Path: EDN Asia >> News Centre >> IC/Board/Systems Design >> Silicon sensor seeks to unravel mysteries of the universe
IC/Board/Systems Design Share print

Silicon sensor seeks to unravel mysteries of the universe

29 Apr 2016  | Peter Clarke

Share this page with your friends

CERN, considered as the world's largest particle physics research centre, is using silicon sensor chips measuring 15cm x 10cm from Infineon Technologies AG, with the goal of proving the existence of dark matter.

Dark matter is a hypothetical cosmological construct that is used to explain the behaviour of the universe. Dark matter makes up about 85 per cent of the matter in the universe while dark matter and dark energy together are thought to make up 95 per cent of universal matter-energy.

However, dark matter's existence has only ever been observed indirectly and there are other theories that attempt to explain discrepancies between cosmological behaviour and the observed mass-energy of the universe.

Elementary particle strip sensor

Figure 1: Elementary particle strip sensor with a size of 15cm x 10cm in the centre of the wafer (Photo: Infineon Technologies Austria AG)

CERN, the place where the Higgs boson was observed in May 2012, is now researching how it might be able to generate dark matter. This would be detected and inferred by the energies, directions of travel and ratios of particles generated by its destruction.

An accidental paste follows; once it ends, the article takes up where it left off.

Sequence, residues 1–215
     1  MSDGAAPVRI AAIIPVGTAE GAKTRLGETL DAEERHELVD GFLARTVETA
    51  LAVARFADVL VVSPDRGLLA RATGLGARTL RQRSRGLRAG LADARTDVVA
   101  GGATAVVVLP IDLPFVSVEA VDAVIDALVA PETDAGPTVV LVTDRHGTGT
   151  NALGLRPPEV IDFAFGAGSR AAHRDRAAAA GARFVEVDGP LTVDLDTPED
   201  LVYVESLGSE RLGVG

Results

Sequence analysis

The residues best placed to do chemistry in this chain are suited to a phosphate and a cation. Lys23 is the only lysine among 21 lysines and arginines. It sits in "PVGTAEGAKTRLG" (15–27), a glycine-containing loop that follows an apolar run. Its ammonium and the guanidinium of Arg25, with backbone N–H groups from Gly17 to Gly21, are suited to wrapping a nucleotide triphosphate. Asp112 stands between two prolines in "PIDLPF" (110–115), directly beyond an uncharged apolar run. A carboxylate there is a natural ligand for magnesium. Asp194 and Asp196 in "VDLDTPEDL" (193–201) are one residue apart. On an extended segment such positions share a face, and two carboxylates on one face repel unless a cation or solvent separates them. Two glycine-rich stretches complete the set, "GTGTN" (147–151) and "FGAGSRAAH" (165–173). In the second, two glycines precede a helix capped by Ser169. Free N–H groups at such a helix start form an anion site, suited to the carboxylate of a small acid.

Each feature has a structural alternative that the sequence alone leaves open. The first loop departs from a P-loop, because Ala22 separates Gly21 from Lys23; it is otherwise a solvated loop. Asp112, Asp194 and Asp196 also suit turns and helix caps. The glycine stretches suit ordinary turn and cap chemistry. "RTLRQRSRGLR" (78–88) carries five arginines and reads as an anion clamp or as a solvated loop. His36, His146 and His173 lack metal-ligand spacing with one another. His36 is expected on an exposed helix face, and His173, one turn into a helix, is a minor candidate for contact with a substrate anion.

Elementary particle strip sensor

Figure 2: Elementary particle strip sensor released from the wafer (Photo: Infineon Technologies Austria AG)

Infineon Technologies Austria and the Austrian Academy of Sciences' Institute of High Energy Physics (HEPHY) worked together to create a silicon sensor for use in two different detectors, ATLAS (A Toroidal LHC Apparatus) and CMS (Compact Muon Solenoid).

Silicon tracking detector

Figure 3: Installation of the world's largest silicon tracking detector in the CMS experiment (Photo: CERN)

The latest sensors are more economical to produce and withstand radiation better and therefore age more solely than previous sensors. As a result they could be used in the tens of thousands at CERN in the near future, Infineon stated.

1 • 2 Next Page Last Page


Want to more of this to be delivered to you for FREE?

Subscribe to EDN Asia alerts and receive the latest design ideas and product news in your inbox.

Got to make sure you're not a robot. Please enter the code displayed on the right.

Time to activate your subscription - it's easy!

We have sent an activate request to your registerd e-email. Simply click on the link to activate your subscription.

We're doing this to protect your privacy and ensure you successfully receive your e-mail alerts.


Add New Comment
Visitor (To avoid code verification, simply login or register with us. It is fast and free!)
*Verify code:
Tech Impact

Regional Roundup
Control this smart glass with the blink of an eye
K-Glass 2 detects users' eye movements to point the cursor to recognise computer icons or objects in the Internet, and uses winks for commands. The researchers call this interface the "i-Mouse."

GlobalFoundries extends grants to Singapore students
ARM, Tencent Games team up to improve mobile gaming


News | Products | Design Features | Regional Roundup | Tech Impact